• The size of the Rashidun army was

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Rashidun Army

• The Rashidun army was the primary military body of the Muslims during the Muslim conquests of the 7th century, serving alongside the Rashidun navy.

• The size of the Rashidun army was

initially 13,000 troops in 632,

but as the Caliphate expanded, the army gradually grew to 100,000 troops by 657.

• The three most successful generals of the Rashidun army were

• Khalid ibn alWalid, who conquered Persian Mesopotamia

• Abu Ubaidah ibn al-Jarrah who conquered Roman Syria,

• 'Amr ibn al-'As, who conquered Roman Egypt.

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Army

• Only Muslims were allowed to join the army as regular troops.

• During the Ridda wars, the army mainly consisted of the corps from Madinah, Mecca and Taif.

• Later on during the conquest of Iraq in 633 many bedouin corps were recruited as regular troops.

• In the conquest of Sassanid Persia (633-656), some 12,000 elite Persian troops converted to Islam and served later on during the invasion of the empire.

• During the conquest of North Africa, Berber converts to

Islam were recruited as regular troops, who later made the

bulk of the Rashidun army and later the Umayyad army in

Africa.

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Infantry/Piyadah

• Rashidun army relied heavily on their infantry.

Mubarizun were a special part of the army, composed of the champions.

• Their role was to undermine the enemy morale by slaying their champions. The infantry would make

repeated charges and withdrawals known as karr wa farr, using spears and swords combined with arrow volleys to weaken the enemies and wear them out.

• However, the main energy had to still be conserved

for a counterattack, supported by a cavalry charge,

that would make flanking or encircling movements.

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Cavalry / Sipahis

• The Rashidun cavalry was one of the most

successful light cavalry forces, provided it was competently led. It was armed with lances and swords.

• Cavalry regiments were initially stationed behind the flanks and center.

• The proportion of cavalry within the Rashidun forces were initially limited to less than 20% due to the inability of the poor economic condition and arid climate of the Arabian Peninsula to

support large numbers of warhorses.

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Weaponry/Asliha and Divisions

• Helmets: miğfer Armour: Dir/zırh, Shields: Kalkan Sword: Sayf/kılıç Bows-arrows: yay-ok Siege weaponry: ed Dababah

•The army divisions

•Muqaddimah or The vanguard

•Qalb or The center

•Al-khalf or The rear

•Al-mou'akhira or The rearguard

•In battle

•The army was organized on the decimal system.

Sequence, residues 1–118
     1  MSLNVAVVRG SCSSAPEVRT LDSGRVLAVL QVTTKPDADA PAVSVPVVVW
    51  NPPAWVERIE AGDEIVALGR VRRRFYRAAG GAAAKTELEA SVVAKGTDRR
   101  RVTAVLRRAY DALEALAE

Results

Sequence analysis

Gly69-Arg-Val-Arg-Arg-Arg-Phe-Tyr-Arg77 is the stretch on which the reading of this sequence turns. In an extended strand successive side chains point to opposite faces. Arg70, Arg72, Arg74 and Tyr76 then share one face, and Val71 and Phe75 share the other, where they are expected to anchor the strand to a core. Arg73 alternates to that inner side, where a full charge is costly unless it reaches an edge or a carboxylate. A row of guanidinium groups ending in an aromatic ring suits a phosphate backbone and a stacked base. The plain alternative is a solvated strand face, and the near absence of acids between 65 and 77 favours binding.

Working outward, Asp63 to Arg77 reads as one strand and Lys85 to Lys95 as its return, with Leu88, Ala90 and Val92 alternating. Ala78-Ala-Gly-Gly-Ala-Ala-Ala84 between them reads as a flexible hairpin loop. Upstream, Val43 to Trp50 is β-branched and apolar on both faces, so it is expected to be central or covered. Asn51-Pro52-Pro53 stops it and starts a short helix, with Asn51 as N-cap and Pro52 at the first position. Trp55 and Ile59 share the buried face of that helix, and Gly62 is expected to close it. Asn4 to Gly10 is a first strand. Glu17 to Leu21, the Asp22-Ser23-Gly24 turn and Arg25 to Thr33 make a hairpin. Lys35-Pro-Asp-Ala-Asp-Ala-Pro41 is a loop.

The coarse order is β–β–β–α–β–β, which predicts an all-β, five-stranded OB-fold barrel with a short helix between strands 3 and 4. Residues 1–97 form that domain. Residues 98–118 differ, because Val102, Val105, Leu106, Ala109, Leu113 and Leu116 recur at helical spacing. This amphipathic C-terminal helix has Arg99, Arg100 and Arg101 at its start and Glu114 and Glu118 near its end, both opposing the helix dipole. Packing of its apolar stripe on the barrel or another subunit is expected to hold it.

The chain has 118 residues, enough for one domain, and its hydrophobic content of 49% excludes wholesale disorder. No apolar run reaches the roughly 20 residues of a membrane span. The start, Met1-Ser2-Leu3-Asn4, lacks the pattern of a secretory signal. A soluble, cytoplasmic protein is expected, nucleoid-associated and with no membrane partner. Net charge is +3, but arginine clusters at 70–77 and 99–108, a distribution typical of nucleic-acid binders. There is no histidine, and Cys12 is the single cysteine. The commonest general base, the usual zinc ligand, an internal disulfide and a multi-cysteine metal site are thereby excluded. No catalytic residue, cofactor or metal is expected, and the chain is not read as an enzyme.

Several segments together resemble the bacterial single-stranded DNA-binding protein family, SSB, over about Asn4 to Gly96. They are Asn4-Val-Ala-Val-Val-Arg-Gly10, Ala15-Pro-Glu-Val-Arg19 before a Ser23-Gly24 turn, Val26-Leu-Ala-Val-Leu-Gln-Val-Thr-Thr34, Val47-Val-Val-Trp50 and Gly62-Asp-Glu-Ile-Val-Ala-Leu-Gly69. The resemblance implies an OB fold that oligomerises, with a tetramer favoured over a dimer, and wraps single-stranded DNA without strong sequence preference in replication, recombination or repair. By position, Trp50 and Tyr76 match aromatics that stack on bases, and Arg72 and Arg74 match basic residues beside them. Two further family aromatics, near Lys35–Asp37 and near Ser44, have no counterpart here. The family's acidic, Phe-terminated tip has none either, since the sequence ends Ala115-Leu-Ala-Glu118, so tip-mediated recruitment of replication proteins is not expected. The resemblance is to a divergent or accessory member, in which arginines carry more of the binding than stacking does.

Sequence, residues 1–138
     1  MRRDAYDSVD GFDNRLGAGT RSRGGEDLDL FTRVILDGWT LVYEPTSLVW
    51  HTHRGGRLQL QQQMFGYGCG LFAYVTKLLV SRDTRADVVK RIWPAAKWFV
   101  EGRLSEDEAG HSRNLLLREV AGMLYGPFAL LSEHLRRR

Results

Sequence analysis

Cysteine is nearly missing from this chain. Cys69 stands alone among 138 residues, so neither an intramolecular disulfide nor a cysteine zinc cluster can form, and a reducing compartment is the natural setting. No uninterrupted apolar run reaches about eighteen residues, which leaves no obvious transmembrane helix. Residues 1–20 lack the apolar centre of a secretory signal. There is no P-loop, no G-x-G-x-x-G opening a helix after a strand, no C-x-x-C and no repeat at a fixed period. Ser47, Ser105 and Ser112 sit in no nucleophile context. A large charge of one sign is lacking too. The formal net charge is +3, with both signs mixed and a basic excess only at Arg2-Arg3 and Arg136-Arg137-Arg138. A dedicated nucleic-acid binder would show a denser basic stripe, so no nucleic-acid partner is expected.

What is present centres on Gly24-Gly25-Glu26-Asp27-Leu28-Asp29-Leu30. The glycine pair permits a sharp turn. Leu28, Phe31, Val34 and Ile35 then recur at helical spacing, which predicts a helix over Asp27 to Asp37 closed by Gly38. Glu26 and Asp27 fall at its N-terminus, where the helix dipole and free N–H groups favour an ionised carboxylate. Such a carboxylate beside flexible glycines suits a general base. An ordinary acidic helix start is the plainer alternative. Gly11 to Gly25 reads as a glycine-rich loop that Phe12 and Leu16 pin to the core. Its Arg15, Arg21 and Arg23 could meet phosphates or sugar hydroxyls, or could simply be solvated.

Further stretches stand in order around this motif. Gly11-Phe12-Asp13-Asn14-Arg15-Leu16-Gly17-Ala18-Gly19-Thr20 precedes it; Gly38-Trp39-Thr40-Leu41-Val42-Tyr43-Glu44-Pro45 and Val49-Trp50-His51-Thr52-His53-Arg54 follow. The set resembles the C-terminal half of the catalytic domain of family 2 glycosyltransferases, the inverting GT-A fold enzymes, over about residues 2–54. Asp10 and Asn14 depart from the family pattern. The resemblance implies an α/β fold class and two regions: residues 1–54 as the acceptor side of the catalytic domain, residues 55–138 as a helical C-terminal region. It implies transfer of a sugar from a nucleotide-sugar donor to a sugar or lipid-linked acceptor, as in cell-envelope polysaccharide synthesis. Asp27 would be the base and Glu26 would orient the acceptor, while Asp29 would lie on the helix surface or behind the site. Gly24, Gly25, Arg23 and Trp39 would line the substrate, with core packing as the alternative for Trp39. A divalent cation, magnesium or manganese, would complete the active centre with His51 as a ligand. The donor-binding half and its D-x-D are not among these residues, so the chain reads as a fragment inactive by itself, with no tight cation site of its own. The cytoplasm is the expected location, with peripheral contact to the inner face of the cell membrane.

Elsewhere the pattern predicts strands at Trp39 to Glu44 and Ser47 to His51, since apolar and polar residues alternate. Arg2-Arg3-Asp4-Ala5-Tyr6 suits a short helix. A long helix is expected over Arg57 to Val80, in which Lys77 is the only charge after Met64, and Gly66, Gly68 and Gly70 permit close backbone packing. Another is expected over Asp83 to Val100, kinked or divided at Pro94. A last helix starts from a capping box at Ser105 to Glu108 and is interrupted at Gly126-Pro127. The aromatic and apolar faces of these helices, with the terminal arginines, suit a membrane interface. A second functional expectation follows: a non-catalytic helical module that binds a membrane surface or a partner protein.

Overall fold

•1. Qalb or The center

•2. Maimanah or The right wing

•3. Maisarah or The left wing

•Every tribal unit had its leader called Arifs.

•In such units, there were commanders for each 10, 100, and 1,000 men

•Arifs were grouped and each group was under a commander called Amir-ul-Ashar and

•Amir-ul-Ashars were under the command of a section commander,

•who were under the command of the commander in chief, Amir-ul-jaish.

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Warfare ethics-jurisprudence of Muslims

• Development of rulings

• The first military rulings were formulated in accordance with the interpretations of the Qur'an and Hadith

• The key themes in these rulings were the justness of war, and the injunction to jihad. The rulings do not cover feuds and

armed conflicts in general.

• Jihad (Arabic for "struggle") was given a military dimension after the oppressive practices of the Meccan Quraish against Muslims.

• It was interpreted as the struggle in God's cause. Injunctions

relating to jihad have been characterized as individual as well as collective duties of the Muslim community.

• The nature of attack is important in the interpretation —if the

Muslim community is attacked jihad becomes incumbent on all

Muslims.

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Ethics of warfare

• The basic principle in fighting in the Qur'an is

– that other communities should be treated as one's own.

– Fighting is justified for legitimate self-defense, to aid other Muslims and after a violation in the terms of a treaty, but should be stopped if these circumstances cease to exist.

– The principle of forgiveness is reiterated in between

the assertions of the right to self-defense.

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Civilian areas

• it is not permissible to kill women or children unless they are fighting against the Muslims.

• the Shafiis: permissible to kill all types of adult men.

• the Hanafiis, Hanbalis and Malikis: not permissible to kill old men, monks, peasants, employees and traders (this meaning male non-combatants).

• Harming civilian areas and pillaging residential areas is also forbidden, as is the destruction of trees, crops, livestock and farmlands.

– not loot travelers

– not have the right to use the local facilities of the native people

without their consent. If such a consent is obtained, the Muslim army

is still under the obligation to compensate the people financially for

the use of such facilities.

Figure

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References

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